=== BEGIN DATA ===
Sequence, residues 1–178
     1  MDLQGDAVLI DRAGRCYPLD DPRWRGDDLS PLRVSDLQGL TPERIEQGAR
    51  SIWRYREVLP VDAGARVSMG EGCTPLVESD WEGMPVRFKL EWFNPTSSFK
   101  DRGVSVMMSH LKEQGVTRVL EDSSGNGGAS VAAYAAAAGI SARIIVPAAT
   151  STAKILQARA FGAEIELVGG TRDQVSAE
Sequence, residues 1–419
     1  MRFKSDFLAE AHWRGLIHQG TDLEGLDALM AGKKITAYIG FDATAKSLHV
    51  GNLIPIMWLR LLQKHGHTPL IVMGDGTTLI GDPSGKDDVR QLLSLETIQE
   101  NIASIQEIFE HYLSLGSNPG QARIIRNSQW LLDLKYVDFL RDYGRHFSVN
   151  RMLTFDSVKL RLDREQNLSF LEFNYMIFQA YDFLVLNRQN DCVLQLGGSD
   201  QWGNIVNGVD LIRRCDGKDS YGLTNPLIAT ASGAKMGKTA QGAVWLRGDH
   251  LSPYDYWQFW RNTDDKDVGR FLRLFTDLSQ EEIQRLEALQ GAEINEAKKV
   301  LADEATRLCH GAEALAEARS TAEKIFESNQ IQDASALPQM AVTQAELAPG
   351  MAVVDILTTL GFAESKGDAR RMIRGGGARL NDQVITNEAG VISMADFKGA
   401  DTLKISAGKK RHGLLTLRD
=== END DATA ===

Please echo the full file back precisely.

Sequence, residues 1–178
     1  MDLQGDAVLI DRAGRCYPLD DPRWRGDDLS PLRVSDLQGL TPERIEQGAR
    51  SIWRYREVLP VDAGARVSMG EGCTPLVESD WEGMPVRFKL EWFNPTSSFK
   101  DRGVSVMMSH LKEQGVTRVL EDSSGNGGAS VAAYAAAAGI SARIIVPAAT
   151  STAKILQARA FGAEIELVGG TRDQVSAE
Sequence, residues 1–419
     1  MRFKSDFLAE AHWRGLIHQG TDLEGLDALM AGKKITAYIG FDATAKSLHV
    51  GNLIPIMWLR LLQKHGHTPL IVMGDGTTLI GDPSGKDDVR QLLSLETIQE
   101  NIASIQEIFE HYLSLGSNPG QARIIRNSQW LLDLKYVDFL RDYGRHFSVN
   151  RMLTFDSVKL RLDREQNLSF LEFNYMIFQA YDFLVLNRQN DCVLQLGGSD
   201  QWGNIVNGVD LIRRCDGKDS YGLTNPLIAT ASGAKMGKTA QGAVWLRGDH
   251  LSPYDYWQFW RNTDDKDVGR FLRLFTDLSQ EEIQRLEALQ GAEINEAKKV
   301  LADEATRLCH GAEALAEARS TAEKIFESNQ IQDASALPQM AVTQAELAPG
   351  MAVVDILTTL GFAESKGDAR RMIRGGGARL NDQVITNEAG VISMADFKGA
   401  DTLKISAGKK RHGLLTLRD